The system has been tested in one criminal investigation, a serious sexual assault case in southern England. The EvoFIT composite was a "powerful image that caused the victim distress," he said.
In lab tests, the holistic approach has performed about three times better than any of the "parts" systems, he added.
VisionMetric's EigenFIT system uses a similar but slightly different approach.
The witness looks at nine faces to start with, picks the best one, and the system produces nine more. But in EigenFIT, the witness can refer to a particular feature that isn't quite right, such as the nose or the shape of the face, and the system will incorporate that information into the next set of faces, Dr. Solomon said.
By tweaking the system in that way, the witness can arrive at a good composite after about 12 sets of faces, he said.
"It's very Darwinian really," he said. "The idea is, you're kind of favoring these combinations of facial components that you implicitly recognize are more suitable. And the great thing is you don't have to verbalize it."
Keys to a good composite
Suni Chapman, who sells EFIT in North America and does much of the training of police officers who use it, is skeptical about whether the holistic systems will be that much better.
"How can they claim their systems have such a higher percentage when they haven't caught a bad guy yet?" she said.
Ms. Chapman, who has done many composites herself, believes the skill of the person interviewing a witness makes a major difference in the quality of a composite.
For one thing, the interviewer cannot suggest any of the features by saying things like "Did he have a long nose?"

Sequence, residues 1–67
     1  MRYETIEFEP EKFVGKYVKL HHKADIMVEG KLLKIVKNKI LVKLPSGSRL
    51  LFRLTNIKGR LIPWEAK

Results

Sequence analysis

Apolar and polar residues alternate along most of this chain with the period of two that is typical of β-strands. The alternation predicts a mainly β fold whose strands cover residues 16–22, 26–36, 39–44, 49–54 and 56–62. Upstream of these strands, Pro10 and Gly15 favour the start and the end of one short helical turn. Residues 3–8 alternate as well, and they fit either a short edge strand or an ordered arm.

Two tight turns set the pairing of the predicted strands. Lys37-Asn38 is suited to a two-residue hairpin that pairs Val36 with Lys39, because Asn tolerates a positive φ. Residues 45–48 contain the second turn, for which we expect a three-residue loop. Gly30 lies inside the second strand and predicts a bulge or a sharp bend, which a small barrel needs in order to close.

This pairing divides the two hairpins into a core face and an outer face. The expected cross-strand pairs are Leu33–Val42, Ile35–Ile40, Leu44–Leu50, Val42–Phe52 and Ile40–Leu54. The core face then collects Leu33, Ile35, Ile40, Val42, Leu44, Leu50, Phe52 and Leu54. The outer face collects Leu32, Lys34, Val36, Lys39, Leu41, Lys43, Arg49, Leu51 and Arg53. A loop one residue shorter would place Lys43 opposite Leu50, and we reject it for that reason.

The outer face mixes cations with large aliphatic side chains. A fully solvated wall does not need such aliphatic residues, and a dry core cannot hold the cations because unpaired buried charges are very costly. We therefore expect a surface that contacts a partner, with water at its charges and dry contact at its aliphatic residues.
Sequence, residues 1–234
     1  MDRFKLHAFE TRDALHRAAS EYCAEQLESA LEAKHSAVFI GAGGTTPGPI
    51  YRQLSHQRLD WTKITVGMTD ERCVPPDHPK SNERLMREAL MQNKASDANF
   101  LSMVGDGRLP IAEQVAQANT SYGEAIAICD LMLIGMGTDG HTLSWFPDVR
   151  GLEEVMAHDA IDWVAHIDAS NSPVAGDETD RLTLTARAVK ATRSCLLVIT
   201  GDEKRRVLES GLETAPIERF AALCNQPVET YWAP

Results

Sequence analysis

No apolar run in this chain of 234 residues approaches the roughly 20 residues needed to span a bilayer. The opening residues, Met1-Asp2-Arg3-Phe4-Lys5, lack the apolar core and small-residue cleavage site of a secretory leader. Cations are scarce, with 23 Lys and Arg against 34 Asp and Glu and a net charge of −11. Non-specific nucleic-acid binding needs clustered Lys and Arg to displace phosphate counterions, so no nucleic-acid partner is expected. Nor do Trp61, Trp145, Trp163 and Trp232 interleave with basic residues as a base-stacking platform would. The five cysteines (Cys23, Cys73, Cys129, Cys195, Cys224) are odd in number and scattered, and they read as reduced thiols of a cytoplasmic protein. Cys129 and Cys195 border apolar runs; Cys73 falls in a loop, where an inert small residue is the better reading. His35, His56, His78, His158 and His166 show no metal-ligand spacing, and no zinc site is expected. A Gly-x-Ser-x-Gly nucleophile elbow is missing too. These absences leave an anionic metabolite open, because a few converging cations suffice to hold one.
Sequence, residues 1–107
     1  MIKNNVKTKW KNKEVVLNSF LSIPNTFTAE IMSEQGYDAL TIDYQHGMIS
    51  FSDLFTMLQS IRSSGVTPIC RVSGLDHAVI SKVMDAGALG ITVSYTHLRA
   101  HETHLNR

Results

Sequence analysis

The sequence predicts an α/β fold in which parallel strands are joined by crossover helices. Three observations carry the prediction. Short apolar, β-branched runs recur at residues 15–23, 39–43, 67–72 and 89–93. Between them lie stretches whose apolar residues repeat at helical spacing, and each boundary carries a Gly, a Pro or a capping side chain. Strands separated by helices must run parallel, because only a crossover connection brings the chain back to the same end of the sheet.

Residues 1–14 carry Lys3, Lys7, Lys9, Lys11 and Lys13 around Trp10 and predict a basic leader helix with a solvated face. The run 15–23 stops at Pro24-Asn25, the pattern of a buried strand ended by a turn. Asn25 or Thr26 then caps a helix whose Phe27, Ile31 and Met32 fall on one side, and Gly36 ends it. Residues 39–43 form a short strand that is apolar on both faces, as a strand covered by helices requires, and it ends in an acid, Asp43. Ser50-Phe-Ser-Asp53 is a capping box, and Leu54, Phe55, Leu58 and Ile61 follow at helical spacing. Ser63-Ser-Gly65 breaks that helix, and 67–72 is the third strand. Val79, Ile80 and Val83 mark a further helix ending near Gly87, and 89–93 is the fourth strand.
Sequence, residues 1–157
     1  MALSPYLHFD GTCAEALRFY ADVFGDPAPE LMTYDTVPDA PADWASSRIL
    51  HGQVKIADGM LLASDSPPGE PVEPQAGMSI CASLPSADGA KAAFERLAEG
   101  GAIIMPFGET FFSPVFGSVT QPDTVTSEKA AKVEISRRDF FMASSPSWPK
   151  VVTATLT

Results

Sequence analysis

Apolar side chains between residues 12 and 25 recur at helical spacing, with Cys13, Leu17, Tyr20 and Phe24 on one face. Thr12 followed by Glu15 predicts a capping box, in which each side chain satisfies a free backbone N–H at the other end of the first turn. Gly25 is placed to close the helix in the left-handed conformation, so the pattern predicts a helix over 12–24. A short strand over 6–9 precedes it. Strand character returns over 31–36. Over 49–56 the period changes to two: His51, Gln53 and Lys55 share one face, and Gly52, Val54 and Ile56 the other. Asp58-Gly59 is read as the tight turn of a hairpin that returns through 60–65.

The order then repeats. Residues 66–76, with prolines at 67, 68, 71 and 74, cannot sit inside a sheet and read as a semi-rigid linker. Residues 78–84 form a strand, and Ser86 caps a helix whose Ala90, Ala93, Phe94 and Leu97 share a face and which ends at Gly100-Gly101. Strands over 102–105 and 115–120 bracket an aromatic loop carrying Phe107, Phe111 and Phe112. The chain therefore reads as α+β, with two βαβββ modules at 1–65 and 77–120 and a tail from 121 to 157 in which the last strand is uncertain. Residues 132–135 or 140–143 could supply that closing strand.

The interviewer also has to let the person recount the crime at his own pace. "The person's mind goes from A to N to L to Z. You note down things but you don't interrupt. You just come back to them later."
These open-ended methods help a witness re-create the image of the suspect's face, she believes. "It's like you're trying to shake the cobwebs off a dream."
Ms. Chapman and other composite artists note that their drawings are only one part of the investigative process, and police and prosecutors then have to develop other evidence against a suspect to convict him.
In the Wheeling case, the FBI sketch artist feels confident that his drawing of the rape suspect is a strong likeness, and it already has generated more than 600 tips, said Wheeling Police Chief Kevin Gessler.
But Chief Gessler also noted that composites are just "a tool to get you started. It's one step along the investigative process."
Iowa State's Dr. Wells suggested, however, that in some cases, composites could lead to the arrest of the wrong person.
"To the extent that the composite is used to find a suspect, it can in certain cases beg the question of whether the person looks like the suspect or like the composite."
He noted that in 75 percent of the cases in which convicts have been exonerated through DNA evidence, the original convictions were based on false eyewitness identifications.
"I'm not trying to say you should never use composites," Dr. Wells said, "but to note that there are real potential negative consequences of using a composite and getting a negative result."
He believes many police investigators understand that risk.
"The greatest nightmare a cop has is to be going after the wrong guy. Any time he's going after the wrong guy, it means the bad guy is getting a free ride."
First Published March 25, 2007 12:00 am